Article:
For this week the Architecture City Guide series headed to the city of Austin, Texas. Already our third stop in the Lone State, it is easy to see why Texans take such pride in their state, even when the Cowboys go 6 and 10. Both the capital of Texas and Live Music, Austin is a vibrant city that takes pride in being far from ordinary. Austin also plays host to South By Southwest (SXSW) which is being held this week, March 11th – 20th. Its eclectic and liberal lifestyle have led many Austinites to adopt the slogan “Keep Austin Weird.” In this context its architecture is as diverse as its people. This short exposé of a few contemporary and modern buildings hardly tells the story of Austin, so we ask you, the readers, to add to the list. Please share your favorites with us in the comment section below.
The Architecture City Guide: Austin list and corresponding map after the break!
The commission for a Green Tech City in Hanoi, Vietnam was recently awarded to Skidmore Owings & Merrill. SOM’s preliminary master plan focuses on reducing demand for non-renewable resources while integrating local traditions and utilizing the existing green urban character of Hanoi. At the heart of this new green district is a riverfront park. A series of landscaped green spaces, formed from existing agricultural water channels, would connect into this linear riverfront park creating a well connected network of public parks.
More information on this news after the break.
Skidmore, Owings & Merrill (SOM), the New York-based architectural firm, has been selected to design New York City’s (and the State’s) first Net Zero Energy school building. PS 62 will be located in Staten Island, NY on a 3.5-acre site at the intersection of Crabtree Avenue and Bloomingdale Road. The primary school will have a 444-seat, 70,000 sq-foot facility that would include Pre-Kindergarten and Kindergarten.
More information on this news after the break.
We are headed to the windy city of Chicago for this weeks Architecture City Guide series. Jam packed with architecture from Frank Lloyd Wright and Mies van der Rohe, here are our 12 recommendations if you are visiting Chicago. Head to the comment section and share your recommendations for additional buildings to include on our list!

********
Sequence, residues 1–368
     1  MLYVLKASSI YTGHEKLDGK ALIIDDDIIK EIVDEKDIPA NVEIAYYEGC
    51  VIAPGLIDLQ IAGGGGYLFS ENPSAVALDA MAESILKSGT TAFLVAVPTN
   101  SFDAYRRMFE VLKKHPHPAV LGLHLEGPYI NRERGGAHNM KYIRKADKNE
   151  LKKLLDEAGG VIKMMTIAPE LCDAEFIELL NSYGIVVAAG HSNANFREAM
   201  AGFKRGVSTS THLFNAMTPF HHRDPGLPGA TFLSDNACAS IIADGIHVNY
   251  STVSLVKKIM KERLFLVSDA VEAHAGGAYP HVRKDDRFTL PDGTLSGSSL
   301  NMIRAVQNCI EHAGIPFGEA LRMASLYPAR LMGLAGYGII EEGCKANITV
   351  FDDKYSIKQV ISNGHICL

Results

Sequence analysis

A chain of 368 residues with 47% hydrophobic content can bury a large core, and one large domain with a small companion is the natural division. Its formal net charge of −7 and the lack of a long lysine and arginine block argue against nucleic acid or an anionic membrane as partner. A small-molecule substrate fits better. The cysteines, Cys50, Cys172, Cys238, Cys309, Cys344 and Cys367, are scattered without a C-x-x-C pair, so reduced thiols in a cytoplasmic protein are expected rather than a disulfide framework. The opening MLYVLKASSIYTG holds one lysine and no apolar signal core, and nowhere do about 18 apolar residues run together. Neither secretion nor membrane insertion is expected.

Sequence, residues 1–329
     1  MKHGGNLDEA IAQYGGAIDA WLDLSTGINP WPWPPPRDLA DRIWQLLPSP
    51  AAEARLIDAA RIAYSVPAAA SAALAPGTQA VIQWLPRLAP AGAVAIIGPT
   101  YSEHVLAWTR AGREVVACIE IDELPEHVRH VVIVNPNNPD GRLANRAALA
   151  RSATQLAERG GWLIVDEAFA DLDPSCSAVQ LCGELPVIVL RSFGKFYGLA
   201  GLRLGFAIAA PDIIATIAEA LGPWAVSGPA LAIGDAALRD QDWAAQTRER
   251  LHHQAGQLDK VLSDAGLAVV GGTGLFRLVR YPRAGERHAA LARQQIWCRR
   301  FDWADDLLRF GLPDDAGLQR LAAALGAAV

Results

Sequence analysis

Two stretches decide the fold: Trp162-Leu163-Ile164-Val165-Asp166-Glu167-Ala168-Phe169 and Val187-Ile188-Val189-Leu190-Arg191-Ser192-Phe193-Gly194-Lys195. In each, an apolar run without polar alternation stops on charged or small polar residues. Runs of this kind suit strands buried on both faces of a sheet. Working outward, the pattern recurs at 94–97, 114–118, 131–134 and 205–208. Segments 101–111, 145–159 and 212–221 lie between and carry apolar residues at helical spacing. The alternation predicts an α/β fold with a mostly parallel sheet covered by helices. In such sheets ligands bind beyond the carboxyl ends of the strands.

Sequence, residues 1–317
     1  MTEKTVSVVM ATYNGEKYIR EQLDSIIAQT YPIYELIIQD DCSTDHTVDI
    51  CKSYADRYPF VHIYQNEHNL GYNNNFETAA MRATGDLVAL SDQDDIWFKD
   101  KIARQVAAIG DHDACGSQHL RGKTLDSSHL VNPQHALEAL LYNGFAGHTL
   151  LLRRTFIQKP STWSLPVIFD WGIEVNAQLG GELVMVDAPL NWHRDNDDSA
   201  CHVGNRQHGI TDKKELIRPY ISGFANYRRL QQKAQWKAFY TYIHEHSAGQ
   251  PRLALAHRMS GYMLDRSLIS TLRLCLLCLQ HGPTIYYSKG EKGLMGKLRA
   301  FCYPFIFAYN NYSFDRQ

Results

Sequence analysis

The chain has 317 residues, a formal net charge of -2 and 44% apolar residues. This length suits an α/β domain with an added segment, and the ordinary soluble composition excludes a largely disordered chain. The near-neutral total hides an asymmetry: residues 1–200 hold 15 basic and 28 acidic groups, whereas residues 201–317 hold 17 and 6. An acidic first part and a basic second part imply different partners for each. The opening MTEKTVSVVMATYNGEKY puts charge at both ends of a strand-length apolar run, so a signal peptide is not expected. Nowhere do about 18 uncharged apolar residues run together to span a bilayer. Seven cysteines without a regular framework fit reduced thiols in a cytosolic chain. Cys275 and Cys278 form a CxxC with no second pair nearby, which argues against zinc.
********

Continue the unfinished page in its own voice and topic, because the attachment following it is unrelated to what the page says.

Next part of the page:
The Architecture City Guide: Chicago list and corresponding map after the break!
This week we are featuring San Francisco for our Architecture City Guide series. Thank you to all of our readers for adding their can’t miss buildings last week. We hope to see your comments below this week too.
Follow the break for our San Francisco list and a corresponding map!
SOM’s principal design objectives were to create a focused learning and working environment that would give the New York Jets a competitive edge by constantly reminding the players and business staff that football is their business, and creating a campus that would prioritize work, education and health.
More photographs of the Atlantic Health Jets Training Facility and drawings following the break.
Architects: Skidmore, Owings & Merrill LLP/ New York
Location: Florham Park, New Jersey, USA
Design Partner in Charge: Roger Duffy
Project Manager: Christopher McCready
Project Architect: Darrell Puffer
Project Area: 133,275 sqf Campus Building 84,286 sqf Field House
Project Year: 2008
Photographs: Florian Holzherr
The Architecture City Guide series is back, this week featuring New York City. Grab a scarf and hat and hit the streets to check out some of the great architecture that NYC has to offer. Think we left something out? Add your can’t miss NYC buildings to our comments below.
Follow the break for our New York City list and a corresponding map!